Smoking was unknown in England until the reign of Elizabeth 1, when Sir Walter Raleigh returned from exploring the New World in 1565 with a cargo of tobacco. Smoking was soon popular with men, women and children. In 1560 Jean Nicot gave the plant its botanical name, Nicotiana, from which we get the word 'nicotine'.
Tobacco was initially seen as a miracle cure, with health giving qualities. Catherine de Medici praised its curative power. It was soon realised that it was also an addictive substance. Tobacco smoking was already widespread in America and the West Indies, and by the end of the 16th century this was also the case in Europe.
The use of tobacco created the need for something to smoke in, and pipes were developed. Craftsmen began to make pipes from a variety of materials, including clay. Many beautiful and varied designs were created by pipe makers, reflecting both their skills, and the time and place when they were made.
Clay pipes were made from mature clay, which was first beaten with an iron bar to remove all air. If air remained in the clay the pipes would break when they were being fired in the kiln. A prepared portion of clay was called a pill. From the pill a pipe maker took a nip, precisely enough clay with which to create a pipe. The nip was made into a roll, a snake like length of clay with a round lump, or head at the end. The rolls were stacked in a pile called a bunch. Each roll was then wired by pushing a piercing rod up towards the head, creating an air passage for the smoker to draw hot tobacco smoke into his or her mouth. The wired roll was then placed in a pipe mould. Inside the mould the clay would take on the required shape of the pipe. The pipe mould was lightly greased to ease the pipe's removal from the mould after its shape had been created. After the pipe was removed from the mould, it was air-dried, trimmed and burnished using special tools. Finally the pipes were stacked in saggers, and fired in a kiln. After firing and inspection, the pipes were packed in wood shavings for transport, to prevent breakage.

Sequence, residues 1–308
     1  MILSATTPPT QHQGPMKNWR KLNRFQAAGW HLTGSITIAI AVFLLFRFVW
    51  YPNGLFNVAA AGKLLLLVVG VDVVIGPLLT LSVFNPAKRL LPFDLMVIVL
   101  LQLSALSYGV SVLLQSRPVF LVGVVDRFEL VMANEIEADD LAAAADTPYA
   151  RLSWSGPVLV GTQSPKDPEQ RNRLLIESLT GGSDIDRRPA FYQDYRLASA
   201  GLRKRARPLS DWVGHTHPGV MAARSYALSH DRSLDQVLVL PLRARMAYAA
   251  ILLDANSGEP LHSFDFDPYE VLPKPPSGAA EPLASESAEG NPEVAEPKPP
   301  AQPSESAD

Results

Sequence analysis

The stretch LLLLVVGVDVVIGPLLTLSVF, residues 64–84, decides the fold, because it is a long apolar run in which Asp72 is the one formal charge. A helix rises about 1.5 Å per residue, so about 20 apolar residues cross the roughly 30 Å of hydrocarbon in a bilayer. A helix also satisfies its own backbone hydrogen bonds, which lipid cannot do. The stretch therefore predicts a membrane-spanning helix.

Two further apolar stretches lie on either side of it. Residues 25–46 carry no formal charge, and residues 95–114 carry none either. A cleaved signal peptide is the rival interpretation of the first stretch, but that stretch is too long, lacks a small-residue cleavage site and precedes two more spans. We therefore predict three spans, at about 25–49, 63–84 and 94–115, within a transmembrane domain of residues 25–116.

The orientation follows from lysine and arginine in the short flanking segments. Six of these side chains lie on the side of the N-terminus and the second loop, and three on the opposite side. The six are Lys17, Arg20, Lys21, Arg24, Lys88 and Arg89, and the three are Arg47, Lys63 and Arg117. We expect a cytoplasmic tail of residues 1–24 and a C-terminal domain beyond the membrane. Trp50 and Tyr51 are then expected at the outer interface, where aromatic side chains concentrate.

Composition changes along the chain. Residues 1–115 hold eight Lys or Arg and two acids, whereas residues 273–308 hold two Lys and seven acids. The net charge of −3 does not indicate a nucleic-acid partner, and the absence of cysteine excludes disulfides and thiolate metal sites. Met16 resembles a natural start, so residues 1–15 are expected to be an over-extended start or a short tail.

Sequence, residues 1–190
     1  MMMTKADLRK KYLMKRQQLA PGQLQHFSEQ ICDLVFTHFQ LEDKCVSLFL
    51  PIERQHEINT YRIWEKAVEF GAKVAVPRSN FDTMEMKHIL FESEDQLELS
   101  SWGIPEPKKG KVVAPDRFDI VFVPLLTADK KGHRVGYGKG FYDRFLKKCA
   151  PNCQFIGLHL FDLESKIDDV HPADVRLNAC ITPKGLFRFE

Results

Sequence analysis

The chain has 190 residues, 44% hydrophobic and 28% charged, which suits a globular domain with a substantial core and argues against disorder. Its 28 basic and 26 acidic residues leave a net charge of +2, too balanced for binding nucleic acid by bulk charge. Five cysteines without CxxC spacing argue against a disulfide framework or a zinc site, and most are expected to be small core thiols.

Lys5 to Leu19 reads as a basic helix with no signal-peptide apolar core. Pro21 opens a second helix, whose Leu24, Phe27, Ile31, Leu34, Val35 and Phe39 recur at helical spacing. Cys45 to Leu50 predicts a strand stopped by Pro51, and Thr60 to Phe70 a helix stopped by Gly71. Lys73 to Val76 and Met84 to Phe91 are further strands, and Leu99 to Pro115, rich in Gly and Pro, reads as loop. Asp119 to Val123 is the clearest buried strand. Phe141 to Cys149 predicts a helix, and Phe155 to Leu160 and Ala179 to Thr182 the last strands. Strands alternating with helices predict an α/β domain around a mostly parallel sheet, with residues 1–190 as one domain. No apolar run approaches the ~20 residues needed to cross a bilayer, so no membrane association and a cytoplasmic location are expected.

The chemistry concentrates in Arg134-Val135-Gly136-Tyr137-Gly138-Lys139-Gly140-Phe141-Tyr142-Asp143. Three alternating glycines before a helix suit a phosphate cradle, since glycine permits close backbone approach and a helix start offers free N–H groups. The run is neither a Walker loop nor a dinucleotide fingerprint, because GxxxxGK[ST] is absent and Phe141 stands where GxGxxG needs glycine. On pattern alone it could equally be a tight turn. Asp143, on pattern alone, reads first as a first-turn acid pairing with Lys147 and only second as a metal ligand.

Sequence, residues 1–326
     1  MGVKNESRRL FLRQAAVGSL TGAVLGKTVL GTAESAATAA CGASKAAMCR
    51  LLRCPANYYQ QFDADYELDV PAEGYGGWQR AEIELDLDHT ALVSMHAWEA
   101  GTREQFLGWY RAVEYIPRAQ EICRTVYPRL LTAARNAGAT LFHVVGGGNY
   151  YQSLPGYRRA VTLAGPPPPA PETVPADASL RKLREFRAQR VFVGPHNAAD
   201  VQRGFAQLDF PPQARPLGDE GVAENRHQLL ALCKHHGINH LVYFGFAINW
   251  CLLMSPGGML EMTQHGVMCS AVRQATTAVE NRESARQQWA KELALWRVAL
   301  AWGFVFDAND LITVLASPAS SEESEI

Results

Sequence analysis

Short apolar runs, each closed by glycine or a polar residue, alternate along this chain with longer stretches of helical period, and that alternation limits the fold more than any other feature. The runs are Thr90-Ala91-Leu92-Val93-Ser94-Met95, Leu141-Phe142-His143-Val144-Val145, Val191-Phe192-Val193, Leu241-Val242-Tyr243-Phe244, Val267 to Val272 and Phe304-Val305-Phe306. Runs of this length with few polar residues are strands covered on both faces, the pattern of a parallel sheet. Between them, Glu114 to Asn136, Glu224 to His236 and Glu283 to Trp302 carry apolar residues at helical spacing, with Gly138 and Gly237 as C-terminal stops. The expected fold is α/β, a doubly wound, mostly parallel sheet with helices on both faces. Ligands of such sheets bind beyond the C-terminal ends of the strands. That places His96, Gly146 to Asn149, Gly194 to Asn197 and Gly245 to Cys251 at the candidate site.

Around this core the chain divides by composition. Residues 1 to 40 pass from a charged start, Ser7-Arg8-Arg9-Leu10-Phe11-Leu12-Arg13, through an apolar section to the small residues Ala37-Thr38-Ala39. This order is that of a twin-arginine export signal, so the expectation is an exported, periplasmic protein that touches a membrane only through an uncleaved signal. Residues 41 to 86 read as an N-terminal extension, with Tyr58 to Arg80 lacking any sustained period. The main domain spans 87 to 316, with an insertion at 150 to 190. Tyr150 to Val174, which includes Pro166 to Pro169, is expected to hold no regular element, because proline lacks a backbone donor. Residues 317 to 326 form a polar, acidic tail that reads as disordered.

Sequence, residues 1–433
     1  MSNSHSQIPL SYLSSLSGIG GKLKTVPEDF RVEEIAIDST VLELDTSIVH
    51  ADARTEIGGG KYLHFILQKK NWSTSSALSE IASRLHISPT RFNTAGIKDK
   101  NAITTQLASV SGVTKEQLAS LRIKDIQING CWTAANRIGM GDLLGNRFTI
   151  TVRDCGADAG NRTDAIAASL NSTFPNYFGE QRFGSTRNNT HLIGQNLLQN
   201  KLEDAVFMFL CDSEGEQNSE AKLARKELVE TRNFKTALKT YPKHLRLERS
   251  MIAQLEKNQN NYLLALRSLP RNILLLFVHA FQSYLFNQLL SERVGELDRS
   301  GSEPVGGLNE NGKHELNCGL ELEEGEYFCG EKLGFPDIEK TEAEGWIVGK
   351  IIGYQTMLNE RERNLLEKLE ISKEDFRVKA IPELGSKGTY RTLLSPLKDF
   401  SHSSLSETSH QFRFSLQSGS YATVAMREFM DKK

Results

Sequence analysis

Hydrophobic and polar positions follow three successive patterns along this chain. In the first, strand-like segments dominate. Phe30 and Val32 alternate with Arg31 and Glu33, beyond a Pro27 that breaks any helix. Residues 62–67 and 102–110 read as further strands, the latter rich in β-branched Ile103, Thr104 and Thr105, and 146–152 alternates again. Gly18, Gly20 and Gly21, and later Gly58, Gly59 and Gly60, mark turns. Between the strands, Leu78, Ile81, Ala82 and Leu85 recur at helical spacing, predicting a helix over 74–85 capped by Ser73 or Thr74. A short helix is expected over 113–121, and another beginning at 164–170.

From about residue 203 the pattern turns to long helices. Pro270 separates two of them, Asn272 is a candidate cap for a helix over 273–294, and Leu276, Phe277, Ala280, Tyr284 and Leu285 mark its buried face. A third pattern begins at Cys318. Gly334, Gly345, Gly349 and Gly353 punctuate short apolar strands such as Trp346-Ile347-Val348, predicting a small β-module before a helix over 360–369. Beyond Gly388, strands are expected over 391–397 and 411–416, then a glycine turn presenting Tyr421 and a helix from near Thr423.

Tobacco was first sold by apothecaries. By 1600, as demand increased, specialist tobacco shops opened and tobacco was also sold in inns, grocers, chandlers and drapers shops.